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Most Recent Questions
Recent Question:
What are the watts for this unit?
Recent Question:
If this coated with Teflon (ptfe)?
Recent Question:
#43-5961-0 How can I get instructions for this heater?
Recent Question:
I'm looking for a heater to put in my detached, unheated shed. Basically I just want to keep my snow thrower gears from freezing up. Will this work?
Questions with Most Recent Answers
Question:
What are the watts for this unit?
Question:
If this coated with Teflon (ptfe)?
Question:
#43-5961-0 How can I get instructions for this heater?
Question:
Does Heater/fan stop when temp reached?

Customer Questions & Answers for
Likewise Likewise Mini Oil Heater

Oil-filled efficient heating - permanently-sealed heater never needs refilling Draws only 700 watts to gently warm space Adjustable thermostat allows you to select and maintain a desired temperature Thermal cut-off protection automoatically shuts the thermostat off if the unit begins to overheat Silent operation - operates without the use of moving parts Compact design: ideal for use in smaller rooms and offices Durable metal construction Carry handle for easy manoueverability Illuminated power switch Caution lights signal overheating
Customer Questions & Answers:
15 Questions
 | 
36 Answers
Overall Rating:
2.985 out of 5
3
out of
5
Product Details

Questions & Answers for Likewise Likewise Mini Oil Heater

Question

Does this 550W Oil Heater saves on hydro compared to my 1000W baseboard Heater?

My concern is whether will this 550W heater at MED setting consumes more hydro than my room's 1000W baseboard heater at 1/3 setting ?
asked 4 years, 4 months ago
by
Onestop
 - BC, Canada
on Likewise Mini Oil Heater
6 answers
Answers
answer 1
thats a positive
answered 3 years ago
by
fijiman
 - bc,canada
answer 2
Oil heaters are more efficient since they retain heat even when off - therefore the heater is still pumping out heat while the element is off.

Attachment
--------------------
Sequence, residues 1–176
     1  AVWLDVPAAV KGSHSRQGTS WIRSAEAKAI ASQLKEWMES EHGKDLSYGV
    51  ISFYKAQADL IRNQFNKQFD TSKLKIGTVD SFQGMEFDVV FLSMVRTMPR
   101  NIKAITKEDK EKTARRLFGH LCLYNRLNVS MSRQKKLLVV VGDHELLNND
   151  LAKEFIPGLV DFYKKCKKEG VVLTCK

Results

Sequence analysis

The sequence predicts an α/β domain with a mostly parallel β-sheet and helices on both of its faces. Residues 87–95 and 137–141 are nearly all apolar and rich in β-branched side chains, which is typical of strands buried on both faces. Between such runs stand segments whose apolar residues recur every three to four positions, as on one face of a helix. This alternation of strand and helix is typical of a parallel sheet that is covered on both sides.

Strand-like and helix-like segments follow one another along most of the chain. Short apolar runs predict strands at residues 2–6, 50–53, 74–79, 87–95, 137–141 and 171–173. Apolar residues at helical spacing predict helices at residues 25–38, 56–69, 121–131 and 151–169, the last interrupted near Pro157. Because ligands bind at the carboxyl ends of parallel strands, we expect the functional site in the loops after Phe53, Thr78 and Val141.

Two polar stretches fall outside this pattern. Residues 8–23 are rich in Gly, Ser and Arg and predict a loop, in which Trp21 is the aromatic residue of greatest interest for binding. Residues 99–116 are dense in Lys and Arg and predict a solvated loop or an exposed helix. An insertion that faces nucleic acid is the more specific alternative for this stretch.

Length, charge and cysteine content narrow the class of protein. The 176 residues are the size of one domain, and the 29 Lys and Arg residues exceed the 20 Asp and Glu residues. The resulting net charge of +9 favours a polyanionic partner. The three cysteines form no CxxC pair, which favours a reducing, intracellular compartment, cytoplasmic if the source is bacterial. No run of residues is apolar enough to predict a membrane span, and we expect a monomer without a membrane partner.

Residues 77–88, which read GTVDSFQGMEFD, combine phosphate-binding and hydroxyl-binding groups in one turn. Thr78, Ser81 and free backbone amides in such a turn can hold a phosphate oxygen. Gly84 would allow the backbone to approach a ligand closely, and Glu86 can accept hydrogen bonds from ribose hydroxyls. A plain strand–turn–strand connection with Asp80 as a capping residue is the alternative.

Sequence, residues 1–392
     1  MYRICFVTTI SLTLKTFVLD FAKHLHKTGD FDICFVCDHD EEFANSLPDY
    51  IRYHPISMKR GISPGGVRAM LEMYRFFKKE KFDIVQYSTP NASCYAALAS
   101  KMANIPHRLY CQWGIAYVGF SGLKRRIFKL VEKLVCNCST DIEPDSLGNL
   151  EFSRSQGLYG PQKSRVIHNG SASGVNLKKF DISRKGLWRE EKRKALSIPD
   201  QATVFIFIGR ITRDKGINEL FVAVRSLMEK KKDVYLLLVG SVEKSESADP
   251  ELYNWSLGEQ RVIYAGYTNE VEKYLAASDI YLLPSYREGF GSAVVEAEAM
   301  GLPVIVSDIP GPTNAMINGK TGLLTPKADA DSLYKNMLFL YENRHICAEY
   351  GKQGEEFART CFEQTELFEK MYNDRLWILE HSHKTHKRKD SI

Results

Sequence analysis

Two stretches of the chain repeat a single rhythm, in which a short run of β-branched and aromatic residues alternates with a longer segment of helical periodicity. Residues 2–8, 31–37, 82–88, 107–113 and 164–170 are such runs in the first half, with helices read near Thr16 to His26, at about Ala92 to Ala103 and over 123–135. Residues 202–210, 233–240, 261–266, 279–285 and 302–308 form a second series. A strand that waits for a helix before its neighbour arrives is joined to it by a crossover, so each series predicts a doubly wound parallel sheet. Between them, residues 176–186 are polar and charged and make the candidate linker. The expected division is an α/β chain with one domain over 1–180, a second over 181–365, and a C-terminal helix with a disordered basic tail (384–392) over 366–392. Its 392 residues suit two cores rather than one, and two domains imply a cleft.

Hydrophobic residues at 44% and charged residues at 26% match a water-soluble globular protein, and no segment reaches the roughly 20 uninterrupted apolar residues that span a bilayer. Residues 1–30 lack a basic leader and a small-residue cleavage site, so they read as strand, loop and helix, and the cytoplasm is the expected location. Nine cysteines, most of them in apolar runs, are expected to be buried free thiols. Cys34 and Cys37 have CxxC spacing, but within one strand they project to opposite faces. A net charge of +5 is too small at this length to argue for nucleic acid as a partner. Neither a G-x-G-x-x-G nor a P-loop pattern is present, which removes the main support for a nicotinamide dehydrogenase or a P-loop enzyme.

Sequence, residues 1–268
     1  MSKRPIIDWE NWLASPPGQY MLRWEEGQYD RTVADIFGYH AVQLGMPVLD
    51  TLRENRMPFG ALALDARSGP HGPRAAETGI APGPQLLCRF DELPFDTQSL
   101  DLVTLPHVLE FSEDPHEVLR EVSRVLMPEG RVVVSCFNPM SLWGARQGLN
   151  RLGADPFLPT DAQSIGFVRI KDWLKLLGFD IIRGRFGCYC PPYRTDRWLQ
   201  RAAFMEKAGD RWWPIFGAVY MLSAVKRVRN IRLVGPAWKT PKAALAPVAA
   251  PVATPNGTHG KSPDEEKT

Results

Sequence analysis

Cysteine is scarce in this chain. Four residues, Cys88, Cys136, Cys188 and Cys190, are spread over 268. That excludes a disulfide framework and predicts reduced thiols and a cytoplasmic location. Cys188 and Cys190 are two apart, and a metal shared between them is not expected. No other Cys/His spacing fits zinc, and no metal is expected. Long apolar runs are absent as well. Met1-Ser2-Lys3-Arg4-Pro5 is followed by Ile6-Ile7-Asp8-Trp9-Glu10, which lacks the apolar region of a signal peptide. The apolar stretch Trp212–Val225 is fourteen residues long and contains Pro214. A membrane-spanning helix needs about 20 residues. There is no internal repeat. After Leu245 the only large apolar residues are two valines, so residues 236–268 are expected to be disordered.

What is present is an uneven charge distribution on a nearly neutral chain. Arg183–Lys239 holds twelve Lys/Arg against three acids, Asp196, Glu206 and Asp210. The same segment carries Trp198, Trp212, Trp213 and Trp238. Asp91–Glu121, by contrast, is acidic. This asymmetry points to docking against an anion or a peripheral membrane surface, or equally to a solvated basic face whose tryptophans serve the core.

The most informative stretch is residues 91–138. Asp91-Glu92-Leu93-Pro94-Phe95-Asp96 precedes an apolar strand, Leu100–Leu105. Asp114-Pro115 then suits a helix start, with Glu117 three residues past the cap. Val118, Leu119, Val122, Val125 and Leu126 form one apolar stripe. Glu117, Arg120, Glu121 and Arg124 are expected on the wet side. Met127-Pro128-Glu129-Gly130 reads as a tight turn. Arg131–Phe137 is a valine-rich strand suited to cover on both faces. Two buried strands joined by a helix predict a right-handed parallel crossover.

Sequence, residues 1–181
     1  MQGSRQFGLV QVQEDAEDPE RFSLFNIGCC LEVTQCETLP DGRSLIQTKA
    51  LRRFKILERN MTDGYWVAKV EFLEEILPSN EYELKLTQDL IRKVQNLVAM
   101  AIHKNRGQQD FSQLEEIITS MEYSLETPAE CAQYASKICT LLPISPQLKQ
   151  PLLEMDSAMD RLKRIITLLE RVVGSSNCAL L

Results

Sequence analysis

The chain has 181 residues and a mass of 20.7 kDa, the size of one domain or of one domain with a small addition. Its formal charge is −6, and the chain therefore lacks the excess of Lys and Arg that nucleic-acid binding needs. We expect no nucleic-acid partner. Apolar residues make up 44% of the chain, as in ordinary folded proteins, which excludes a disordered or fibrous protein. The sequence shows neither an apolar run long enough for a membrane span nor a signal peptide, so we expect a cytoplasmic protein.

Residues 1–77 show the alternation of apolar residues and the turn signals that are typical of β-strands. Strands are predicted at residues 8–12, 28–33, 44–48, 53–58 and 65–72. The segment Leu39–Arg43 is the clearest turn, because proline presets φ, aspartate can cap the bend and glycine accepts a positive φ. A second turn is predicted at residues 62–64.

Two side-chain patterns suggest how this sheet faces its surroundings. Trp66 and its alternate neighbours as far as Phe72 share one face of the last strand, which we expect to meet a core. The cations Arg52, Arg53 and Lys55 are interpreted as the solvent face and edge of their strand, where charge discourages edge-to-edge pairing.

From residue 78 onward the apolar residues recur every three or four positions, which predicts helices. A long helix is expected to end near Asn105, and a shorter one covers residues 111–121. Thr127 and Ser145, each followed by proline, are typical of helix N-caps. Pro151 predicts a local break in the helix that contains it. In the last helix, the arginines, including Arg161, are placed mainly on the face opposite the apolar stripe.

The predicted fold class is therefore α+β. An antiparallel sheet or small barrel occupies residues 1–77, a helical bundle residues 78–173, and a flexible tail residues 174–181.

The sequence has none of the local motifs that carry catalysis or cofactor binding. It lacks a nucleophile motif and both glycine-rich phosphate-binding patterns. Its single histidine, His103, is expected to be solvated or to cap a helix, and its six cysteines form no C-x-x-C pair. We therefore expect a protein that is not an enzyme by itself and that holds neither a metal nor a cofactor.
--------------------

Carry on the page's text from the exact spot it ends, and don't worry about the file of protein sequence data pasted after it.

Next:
Whereas with a baseboard heater, heat is dissipated immediately.

However, this heater is very weak (even though its rated at 550w), therefore you will probably be disappointed with the performance of the heater in comparison to your 1000w baseboard heater.
answered 3 years, 3 months ago
by
coolspot
 - Toronto, ON
answer 3
> The watts tell you how much energy they use but now how efficient they are at heating.

No. Watts tells you how good it is at heating. The only increase in efficiency you can with electric heaters is to improve the delivery, mainly, get the heat more directly onto you. Electric warming blankets for example will deliver the heat directly to you, so you use less power to make yourself warmer.

> I had a baseboard heater it was located under the window. What ends up happening is the area near the wall and the ceiling gets hot but not the rest of the room. They don't distribute heat very well so it will be on all the time.

This is a distribution problem. You need a fan to circulate the air - very well documented fact that a ceiling fan in reverse helps save energy. The baseboard is by the window to help counter the inefficiencies of the window also (old/cheap windows are drafty).

> The oil heater should be more efficient since it is located on the floor and you can move it to where you are.

Yes. Like I said above, the more direct the delivery of the heat, the better.

> It also stores heat in the oil so it will continue to radiate heat after you turn it off. The baseboard heater does not store any heat. It only heats the air and air cools very rapidly unlike oil.

No, the heat it's giving you once turned off is energy already used. This also makes the heater slower - it has to heat the oil first. It's better generally to have more even heat, and the oil does help with that.
answered 3 years, 6 months ago
by
bstephan1
 - Ottawa, ON
answer 4
I disagree with the above answers completely. The watts tell you how much energy they use but now how efficient they are at heating. I had a baseboard heater it was located under the window. What ends up happening is the area near the wall and the ceiling gets hot but not the rest of the room. They don't distribute heat very well so it will be on all the time. The oil heater should be more efficient since it is located on the floor and you can move it to where you are. It also stores heat in the oil so it will continue to radiate heat after you turn it off. The baseboard heater does not store any heat. It only heats the air and air cools very rapidly unlike oil.
answered 3 years, 7 months ago
by
Anonymous
answer 5